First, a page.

Brent: That's right, it really has, it really has.. The reason I put this in here, because you and I spoke in either January or February of 2020. And at the time, you know, we were at point one. I've put a yellow circle with a one next to it. And at the time, I was saying that I expected the pullback in equities and I thought that we could go down to the bottom of that red channel. Now, I'm not going to sit here, Erik and say that I thought that was going to happen immediately and happen over a period of three weeks, right? I was just saying I could see it pull back down towards the bottom of that channel and that did happen. And so we actually, we were pretty lucky we bought at the bottom of that red channel. It was a scary few days as I went a little lower than that.
My mistake was that, you know, once it bounced kind of back up into the middle of that channel and started getting into that green area, I thought we would probably see a retest back down to the bottom of that channel again, but you know what, it just never came. It just continued to run higher. And to your point, a lot of it has been driven by the FAANG stocks and the technology stocks. And so the reason I've put number three on here is I think people have heard me talk before, I think equities are going much higher in the years ahead. But I do think before that happens, we are likely to pull back, maybe retest the top of that channel. Now that would be a 15% or 20% pullback from here Erik. I don't know that it will come. But I'm certainly not allocating new money to equities right here. And I'm waiting for any cash that we have or to add to equities, I would be waiting for a retracement at least back to that top of that channel before committing in any new funds.
Erik: Now let's talk about where we go from there. Because it seems to me if I just look at this chart, from a technical analysis standpoint, you've got this channel that has been operative here since the beginning of 2009. That's you know, more than a decade, you've got a very clear upside breakout, what technical analysis tells me is to expect a pullback back to test the top of the channel now not as resistance but support. That's exactly what you've got for number three. And if that support holds, that would be a confirmation of that breakout and suggest that you're headed much higher from there. Is that your view?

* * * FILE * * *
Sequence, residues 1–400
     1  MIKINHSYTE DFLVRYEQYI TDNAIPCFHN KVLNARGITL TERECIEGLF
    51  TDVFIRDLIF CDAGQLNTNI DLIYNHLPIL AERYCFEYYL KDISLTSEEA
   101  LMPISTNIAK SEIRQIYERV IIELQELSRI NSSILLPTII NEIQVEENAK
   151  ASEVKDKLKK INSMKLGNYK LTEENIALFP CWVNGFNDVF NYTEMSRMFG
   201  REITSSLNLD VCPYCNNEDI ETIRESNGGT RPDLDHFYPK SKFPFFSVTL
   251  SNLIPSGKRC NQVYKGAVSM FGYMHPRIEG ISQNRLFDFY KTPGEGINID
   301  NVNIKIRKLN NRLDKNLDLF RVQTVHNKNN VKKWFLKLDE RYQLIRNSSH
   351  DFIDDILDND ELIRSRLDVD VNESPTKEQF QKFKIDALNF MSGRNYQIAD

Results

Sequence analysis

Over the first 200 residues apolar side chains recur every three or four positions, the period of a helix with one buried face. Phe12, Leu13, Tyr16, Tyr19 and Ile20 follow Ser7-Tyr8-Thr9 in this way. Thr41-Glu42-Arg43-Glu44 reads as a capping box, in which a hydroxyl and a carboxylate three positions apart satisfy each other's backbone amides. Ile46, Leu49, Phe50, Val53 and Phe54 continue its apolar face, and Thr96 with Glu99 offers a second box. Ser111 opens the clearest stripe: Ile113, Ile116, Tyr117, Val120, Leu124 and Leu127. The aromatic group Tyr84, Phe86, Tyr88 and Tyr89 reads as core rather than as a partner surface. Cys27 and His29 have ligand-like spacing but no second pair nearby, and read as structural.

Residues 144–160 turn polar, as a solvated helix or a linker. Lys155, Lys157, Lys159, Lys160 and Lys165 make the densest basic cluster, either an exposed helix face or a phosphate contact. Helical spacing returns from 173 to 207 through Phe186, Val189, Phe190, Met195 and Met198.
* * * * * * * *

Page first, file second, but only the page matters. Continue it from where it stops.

Brent: That is my view, as of right now, that is my view. Now, again, this doesn't mean that I'm going to go all in on equities at number three, right? I will keep my exposure to equities. And I admit, and I'll probably add to it at those levels. But if that channel were to break, and it goes lower than maybe we go back down to the bottom of that red channel again, I don't know for sure. But my base case is that we will go back down, test the top of that channel around number three. And then I think in the years ahead that we're going to go much higher in both the S&P and the Dow. Again, you've heard me talk about this before Erik. I think that we're going to enter a period of sovereign debt crisis.
And I think when sovereign debt starts to get sold, those funds are going to look for a home. And I think one of the biggest and most liquid markets on the planet is US equities. And I think that will get fund flows. And I think that equities have the potential to go much higher than anybody believes possible. Now, again, I just want to caution, that doesn't mean you need to go out and go all in on equities right now, here today. I think we're going to get a pullback, but for anyone who thinks that we're going to go down to 200 on the S&P and stay there for 10 years, that's not my base case. I don't think that's going to happen. Can't rule it out but that's not what I'm planning on. I think we're gonna see much higher levels in equities in the years ahead.
Erik: I don't think I've ever seen a chart with a 30-year long head and shoulders pattern on it until we get to slide 28 here.